- Journal articles that had information on trauma and war trauma.

Studies that dealt with traumatic brain injury (also referred to as trauma) from physical injuries were excluded, as well as those that did not deal with war trauma or PTSD.



The online Oxford dictionary, defines trauma (Pronunciation /ˈtrɔːmə/) as, “A deeply distressing or disturbing experience.” It also defines it as, “An emotional shock following a stressful event or a physical injury, which may lead to long-term neurosis.”[10]

War is defined by the Oxford Living Dictionaries as, “A state of armed conflict between different countries or different groups within a country, a state of competition or hostility between different people or groups or a sustained campaign against an undesirable situation or activity.”[11]

According to Silove (1999:187), war and different forms of torture occur on a large scale basis, in various countries, which results in deaths, while leaving survivors with disabilities.[12] According to Amnesty International, over 150 countries all over the world have had human rights violations taking place and the ratio of civilians affected by these wars, compared to the military manpower; continue to rise.[13]

Severe trauma can result from war, especially among civilian populations. This can lead to experiences where individuals feel that their lives are endangered after witnessing violence that is extreme, being separated from loved ones or after undergoing detention in a concentration camp as during World War 2 when detention camps had been set up in Poland in areas like Sobibor and Auschwitz (Johnson and Thompson 2007:37).[14] From these positions, it is important to know how the mind of the potential victim works during the war. The daily experiences of war grow from a steady state of mind, in an individual, which then relapses into trauma.

Psychological trauma is a unique individual experience of a reaction to an event in which his/her ability to integrate the emotional experience is overwhelmed or the experience poses a threat to life. Thus, a situation develops to psychological trauma, when the individual’s ability to cope is overwhelmed, thereby leading to the person fearing death, annihilation, mutilation or psychosis; and may feel inundated emotionally, cognitively and physically.[15]

Jon Allen, a psychologist at the Menninger Clinic in Houston, Texas and author of Coping with Trauma: A Guide to Self-Understanding indicates that there are two components of trauma: objective and subjective. He explains it as, “It is the subjective experience of the objective events that constitutes the trauma… The more you believe you are endangered, the more traumatized you will be… Psychologically, the bottom line of trauma is overwhelming emotion and a feeling of utter helplessness. There may or may not be bodily injury, but psychological trauma is coupled with physiological upheaval that plays a leading role in the long-range effects” (p.14).[16]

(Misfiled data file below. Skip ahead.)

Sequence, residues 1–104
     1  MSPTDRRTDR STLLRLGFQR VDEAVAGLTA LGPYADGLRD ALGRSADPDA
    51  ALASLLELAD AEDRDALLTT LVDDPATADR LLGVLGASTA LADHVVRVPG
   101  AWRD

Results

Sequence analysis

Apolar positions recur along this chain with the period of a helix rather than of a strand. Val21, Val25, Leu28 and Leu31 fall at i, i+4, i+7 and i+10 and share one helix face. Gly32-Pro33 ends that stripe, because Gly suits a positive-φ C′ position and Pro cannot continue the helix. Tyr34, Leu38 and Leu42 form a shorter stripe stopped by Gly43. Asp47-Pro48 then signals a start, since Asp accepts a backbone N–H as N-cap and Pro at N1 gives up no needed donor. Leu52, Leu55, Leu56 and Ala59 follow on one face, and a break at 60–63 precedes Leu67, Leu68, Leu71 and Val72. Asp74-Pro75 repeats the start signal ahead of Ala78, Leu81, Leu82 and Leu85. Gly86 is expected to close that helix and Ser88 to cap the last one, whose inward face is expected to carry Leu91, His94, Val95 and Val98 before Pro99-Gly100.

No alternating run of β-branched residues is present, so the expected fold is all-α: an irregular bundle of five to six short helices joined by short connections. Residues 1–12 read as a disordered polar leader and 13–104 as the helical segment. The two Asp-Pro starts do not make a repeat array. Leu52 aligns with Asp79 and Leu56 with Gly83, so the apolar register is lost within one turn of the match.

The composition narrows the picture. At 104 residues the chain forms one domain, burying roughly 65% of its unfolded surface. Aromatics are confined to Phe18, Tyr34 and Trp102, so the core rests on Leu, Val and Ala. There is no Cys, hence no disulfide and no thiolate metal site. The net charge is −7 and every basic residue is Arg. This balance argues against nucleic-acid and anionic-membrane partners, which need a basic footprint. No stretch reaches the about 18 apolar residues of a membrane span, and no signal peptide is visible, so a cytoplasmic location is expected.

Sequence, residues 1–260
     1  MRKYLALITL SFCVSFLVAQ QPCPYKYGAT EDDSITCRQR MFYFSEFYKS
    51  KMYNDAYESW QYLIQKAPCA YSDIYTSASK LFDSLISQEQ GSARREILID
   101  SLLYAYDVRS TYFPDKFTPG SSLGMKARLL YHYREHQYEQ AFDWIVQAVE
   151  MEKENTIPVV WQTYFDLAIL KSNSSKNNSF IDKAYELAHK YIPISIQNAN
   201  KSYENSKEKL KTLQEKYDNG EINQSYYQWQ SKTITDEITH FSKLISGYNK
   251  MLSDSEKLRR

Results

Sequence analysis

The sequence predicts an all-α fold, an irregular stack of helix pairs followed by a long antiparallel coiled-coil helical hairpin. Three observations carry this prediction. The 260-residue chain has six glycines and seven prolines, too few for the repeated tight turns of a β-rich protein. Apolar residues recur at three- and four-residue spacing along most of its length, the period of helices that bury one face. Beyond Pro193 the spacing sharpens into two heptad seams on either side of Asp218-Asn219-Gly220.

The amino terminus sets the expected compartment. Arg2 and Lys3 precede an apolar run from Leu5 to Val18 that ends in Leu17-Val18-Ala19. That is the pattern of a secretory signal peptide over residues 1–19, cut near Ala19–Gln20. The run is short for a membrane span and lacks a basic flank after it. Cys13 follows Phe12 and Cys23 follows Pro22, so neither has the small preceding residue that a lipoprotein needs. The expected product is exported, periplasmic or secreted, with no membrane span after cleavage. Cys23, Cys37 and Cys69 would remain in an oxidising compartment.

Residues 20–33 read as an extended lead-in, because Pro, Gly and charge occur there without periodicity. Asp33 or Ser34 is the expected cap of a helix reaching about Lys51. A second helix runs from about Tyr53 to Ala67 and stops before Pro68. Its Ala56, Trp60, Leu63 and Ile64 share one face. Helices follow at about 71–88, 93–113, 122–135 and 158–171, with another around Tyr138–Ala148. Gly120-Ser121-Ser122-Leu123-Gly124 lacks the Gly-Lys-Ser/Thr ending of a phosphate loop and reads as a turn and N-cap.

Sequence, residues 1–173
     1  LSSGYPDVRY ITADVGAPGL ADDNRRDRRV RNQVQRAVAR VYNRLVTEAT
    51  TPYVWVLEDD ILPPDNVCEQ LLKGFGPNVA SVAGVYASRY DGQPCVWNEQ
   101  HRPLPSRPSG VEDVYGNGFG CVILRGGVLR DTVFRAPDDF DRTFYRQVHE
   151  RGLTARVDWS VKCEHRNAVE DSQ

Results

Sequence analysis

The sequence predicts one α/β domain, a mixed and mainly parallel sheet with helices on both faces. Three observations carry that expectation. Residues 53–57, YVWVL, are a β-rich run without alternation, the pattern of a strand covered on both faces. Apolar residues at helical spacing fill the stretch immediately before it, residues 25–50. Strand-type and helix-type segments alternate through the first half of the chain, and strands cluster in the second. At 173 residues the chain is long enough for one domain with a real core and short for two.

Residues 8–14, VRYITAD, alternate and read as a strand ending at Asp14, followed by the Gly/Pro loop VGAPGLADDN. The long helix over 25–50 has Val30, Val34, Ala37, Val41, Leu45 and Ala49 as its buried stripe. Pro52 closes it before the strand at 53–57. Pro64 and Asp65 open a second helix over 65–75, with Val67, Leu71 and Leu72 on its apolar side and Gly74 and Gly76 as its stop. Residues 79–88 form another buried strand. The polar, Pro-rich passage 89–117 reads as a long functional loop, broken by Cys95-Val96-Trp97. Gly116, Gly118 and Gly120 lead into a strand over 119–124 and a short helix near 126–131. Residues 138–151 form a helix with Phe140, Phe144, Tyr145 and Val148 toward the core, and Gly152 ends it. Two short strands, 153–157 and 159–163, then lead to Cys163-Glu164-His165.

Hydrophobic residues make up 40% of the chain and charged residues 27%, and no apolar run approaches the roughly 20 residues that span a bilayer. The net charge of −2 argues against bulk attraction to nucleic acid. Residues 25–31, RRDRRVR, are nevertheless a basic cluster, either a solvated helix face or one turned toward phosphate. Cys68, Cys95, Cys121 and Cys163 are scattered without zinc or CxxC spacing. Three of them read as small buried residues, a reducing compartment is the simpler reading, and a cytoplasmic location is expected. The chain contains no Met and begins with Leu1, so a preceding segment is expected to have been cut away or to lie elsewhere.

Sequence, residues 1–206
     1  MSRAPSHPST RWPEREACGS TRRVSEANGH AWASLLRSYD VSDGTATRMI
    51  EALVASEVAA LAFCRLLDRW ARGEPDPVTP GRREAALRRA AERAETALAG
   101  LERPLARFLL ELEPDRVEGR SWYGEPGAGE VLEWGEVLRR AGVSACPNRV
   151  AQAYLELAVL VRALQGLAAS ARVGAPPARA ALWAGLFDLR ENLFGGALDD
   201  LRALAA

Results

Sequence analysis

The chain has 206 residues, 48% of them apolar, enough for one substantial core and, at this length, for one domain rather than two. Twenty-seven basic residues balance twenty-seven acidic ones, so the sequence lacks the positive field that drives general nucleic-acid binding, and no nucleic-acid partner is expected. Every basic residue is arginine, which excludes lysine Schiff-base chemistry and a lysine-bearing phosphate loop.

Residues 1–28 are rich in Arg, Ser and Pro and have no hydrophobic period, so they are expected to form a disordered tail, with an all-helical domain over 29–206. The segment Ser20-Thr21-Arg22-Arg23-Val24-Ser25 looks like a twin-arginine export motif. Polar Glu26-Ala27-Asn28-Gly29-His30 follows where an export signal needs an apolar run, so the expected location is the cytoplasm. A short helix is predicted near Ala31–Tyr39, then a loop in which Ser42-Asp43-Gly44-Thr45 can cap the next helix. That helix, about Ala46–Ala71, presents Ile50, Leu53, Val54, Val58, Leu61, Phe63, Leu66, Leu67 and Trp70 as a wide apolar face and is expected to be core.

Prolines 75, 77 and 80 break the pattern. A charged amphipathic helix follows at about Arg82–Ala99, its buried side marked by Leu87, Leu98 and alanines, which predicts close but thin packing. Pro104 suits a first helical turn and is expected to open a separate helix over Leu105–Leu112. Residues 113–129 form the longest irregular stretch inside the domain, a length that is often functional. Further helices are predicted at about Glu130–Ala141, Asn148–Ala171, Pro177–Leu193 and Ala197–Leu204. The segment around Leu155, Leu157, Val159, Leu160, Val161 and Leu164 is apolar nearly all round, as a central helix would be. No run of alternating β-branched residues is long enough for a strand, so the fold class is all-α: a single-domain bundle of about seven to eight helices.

According to Mieli (2015: 7)[17], the severity of the psychological effects of trauma is more if it was caused by human factors (like wars, political violence, genocides). Also, if it is repeated, unpredictable, multifaceted, sadistic, undergone in childhood (like the case of child soldiers) and is perpetrated by a care giver.

Sigmund Freud, the father of Psychology, mentioned that trauma is at the origin of human sexuality and life; that is at the very centre of the human being. It affects how the unconscious forms, the symptoms that an individual has and the individual’s responses to it. What exactly, are the consequences of a trauma that has been unleashed by radical violence, which is aimed at annihilating the subject itself? How can we, clinically, approach these kinds of traumas?[18]

From the economic, metapsychological point of view, trauma is explained as an experience that goes beyond the limits of the pleasure principle, which, in a bid to minimize the amount of tension that is necessary for life to exist, regulates the psychic apparatus. Once a traumatic event is registered, it can lead to heightened tension which is unable to find a proper discharge route, thereby resulting in pain or displeasure. This way, it brings forth the “beyond” of the pleasure principle, which is associated with a drive satisfaction that is infused with the libidinal and death drives.[19]

Clinical evidence has been able to prove, that according to Freud’s hypothesis of the “summoning of traumas,” trauma is not isolated. It is normally associated with other sets of traumas which go back to birth, sometimes even earlier, traversing generations. It is with taking this into account, that power that is being exerted by a particular trauma can get toned down (Mieli 2015).[20] Therefore, an individual’s subjective experience of war trauma needs to be woven back into the other traumas experienced by the person.